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Pediatr Infect Dis J. 1993 Jun;12(6):499-504.

Seroprevalence of human immunodeficiency virus type 1 infection in Zambian children with tuberculosis.

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1
Department of Paediatrics, University Teaching Hospital, Lusaka, Zambia.

Abstract

Descriptions in the medical literature of human immunodeficiency virus type 1 (HIV-1) in children with tuberculosis (TB) are scanty. This study determined the seroprevalence of HIV-1 in 237 hospitalized children between the ages of 1 month and 14 years with a clinical diagnosis of TB (125 males and 112 females) and in 242 control children (149 males and 93 females). The overall HIV-1 seroprevalence rate in patients with TB was 37% (88 of 237) compared with 10.7% (26 of 242) among the control group (P < 0.00001: odds ratio 5.37, 95% confidence interval = 3.21 < 5.37 < 9.47). HIV-1 seropositivity in children with TB ranged from 53% (31 of 58) in the 12- to 18-month age group to 14% (9 of 61) in the 10- to 14-year-olds. The risk of TB attributable to HIV infection was 29%. The predominant clinical presentation in both seronegative (84.6%) and seropositive (89.7%) groups was that of pulmonary TB and there were no significant differences in clinical presentation between the two groups of patients. Only 54.8% of the patients attended follow-up clinics regularly whereas 32% were lost to follow-up within 3 months. Bacillus Calmette-Guérin vaccination coverage was 87.3% among TB patients and 90.5% in the controls. No significant differences in B. Calmette-Guérin vaccination rates between the seronegative and seropositive children were seen. Coinfection with HIV and TB in children is now one of the major public health problems in Zambian children.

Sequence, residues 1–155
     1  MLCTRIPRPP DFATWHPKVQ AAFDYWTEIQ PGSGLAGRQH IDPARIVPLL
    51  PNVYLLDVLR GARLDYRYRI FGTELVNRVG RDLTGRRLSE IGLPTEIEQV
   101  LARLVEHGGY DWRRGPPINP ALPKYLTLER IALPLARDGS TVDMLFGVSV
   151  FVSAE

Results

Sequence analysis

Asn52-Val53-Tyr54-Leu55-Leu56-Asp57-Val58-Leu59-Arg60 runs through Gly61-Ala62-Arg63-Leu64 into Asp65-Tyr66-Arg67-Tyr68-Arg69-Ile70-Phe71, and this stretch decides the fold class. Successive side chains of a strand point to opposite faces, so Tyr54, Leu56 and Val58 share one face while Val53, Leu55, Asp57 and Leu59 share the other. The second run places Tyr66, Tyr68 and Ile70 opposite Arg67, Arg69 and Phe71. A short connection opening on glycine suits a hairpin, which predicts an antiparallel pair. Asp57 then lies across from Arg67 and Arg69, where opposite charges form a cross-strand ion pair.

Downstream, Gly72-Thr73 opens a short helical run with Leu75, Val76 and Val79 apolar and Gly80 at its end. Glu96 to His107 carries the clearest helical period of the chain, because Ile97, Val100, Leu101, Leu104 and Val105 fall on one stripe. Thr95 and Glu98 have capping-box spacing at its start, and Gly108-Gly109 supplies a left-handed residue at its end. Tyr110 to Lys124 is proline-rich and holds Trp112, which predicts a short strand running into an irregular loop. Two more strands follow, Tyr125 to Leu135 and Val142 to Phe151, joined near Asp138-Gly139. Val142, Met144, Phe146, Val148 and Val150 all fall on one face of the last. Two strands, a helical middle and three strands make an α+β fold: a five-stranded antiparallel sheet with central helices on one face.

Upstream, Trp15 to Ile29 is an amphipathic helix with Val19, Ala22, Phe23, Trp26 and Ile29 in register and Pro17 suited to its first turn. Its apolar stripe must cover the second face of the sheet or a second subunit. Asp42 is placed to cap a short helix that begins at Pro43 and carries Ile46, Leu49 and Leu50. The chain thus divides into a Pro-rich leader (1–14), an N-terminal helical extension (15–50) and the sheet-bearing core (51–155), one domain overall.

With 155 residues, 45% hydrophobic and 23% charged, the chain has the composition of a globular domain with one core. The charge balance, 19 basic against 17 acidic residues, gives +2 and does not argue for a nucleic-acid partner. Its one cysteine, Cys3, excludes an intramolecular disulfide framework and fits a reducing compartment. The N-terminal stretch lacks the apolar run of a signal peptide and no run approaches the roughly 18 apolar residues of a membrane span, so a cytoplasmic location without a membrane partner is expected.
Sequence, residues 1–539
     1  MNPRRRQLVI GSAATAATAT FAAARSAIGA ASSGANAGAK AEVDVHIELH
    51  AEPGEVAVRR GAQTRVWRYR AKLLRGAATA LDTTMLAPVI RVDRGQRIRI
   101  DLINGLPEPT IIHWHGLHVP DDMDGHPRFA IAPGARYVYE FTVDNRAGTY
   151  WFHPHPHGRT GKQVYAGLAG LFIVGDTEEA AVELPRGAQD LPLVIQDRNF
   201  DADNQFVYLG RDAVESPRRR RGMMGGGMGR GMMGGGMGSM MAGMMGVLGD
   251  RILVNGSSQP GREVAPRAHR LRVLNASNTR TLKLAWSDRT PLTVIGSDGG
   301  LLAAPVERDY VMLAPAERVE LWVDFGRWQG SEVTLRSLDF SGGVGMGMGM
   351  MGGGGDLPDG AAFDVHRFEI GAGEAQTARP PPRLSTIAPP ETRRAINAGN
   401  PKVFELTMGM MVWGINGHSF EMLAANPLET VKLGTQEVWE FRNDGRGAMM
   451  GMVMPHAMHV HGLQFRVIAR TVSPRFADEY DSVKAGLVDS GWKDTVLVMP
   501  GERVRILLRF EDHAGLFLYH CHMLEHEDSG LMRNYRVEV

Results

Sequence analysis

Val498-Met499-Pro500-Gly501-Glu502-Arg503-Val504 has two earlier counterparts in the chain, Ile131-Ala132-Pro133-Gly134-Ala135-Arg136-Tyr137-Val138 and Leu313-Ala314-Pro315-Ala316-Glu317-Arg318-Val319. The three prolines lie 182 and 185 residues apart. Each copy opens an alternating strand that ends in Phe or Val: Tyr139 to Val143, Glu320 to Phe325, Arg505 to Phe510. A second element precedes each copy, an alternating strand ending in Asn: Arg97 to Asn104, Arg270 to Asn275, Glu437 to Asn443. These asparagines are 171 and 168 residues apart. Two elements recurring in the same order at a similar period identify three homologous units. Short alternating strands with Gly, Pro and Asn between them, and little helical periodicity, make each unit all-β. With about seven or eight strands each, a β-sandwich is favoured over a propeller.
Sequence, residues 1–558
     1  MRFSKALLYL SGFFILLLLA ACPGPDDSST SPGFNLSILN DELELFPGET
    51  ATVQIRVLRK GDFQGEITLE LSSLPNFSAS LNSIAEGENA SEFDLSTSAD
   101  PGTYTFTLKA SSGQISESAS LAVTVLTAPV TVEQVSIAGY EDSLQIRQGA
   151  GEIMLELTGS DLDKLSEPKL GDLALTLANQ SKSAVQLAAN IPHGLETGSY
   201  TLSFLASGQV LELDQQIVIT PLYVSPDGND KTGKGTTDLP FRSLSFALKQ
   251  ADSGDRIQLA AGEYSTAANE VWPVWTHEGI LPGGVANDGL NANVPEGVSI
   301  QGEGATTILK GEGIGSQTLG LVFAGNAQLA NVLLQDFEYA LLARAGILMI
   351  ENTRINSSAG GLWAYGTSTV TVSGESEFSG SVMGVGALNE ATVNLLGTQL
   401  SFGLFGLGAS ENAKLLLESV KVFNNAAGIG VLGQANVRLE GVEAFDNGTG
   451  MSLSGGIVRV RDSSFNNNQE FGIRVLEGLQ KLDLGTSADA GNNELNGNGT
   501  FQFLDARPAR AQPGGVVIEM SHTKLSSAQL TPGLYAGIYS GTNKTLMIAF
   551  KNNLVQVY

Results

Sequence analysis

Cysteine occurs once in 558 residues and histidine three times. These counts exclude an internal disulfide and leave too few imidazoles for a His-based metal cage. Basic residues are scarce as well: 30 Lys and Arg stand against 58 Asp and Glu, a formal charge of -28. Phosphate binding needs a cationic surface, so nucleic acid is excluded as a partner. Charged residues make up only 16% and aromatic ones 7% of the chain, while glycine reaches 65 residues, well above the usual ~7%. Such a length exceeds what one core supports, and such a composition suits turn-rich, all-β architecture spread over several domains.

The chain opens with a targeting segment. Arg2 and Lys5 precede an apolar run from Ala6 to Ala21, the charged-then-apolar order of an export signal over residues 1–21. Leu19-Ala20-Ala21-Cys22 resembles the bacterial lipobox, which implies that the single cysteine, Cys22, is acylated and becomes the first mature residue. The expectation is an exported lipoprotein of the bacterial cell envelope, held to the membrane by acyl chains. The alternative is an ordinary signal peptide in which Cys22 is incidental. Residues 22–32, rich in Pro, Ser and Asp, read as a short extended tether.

PMID:
7688450
[Indexed for MEDLINE]

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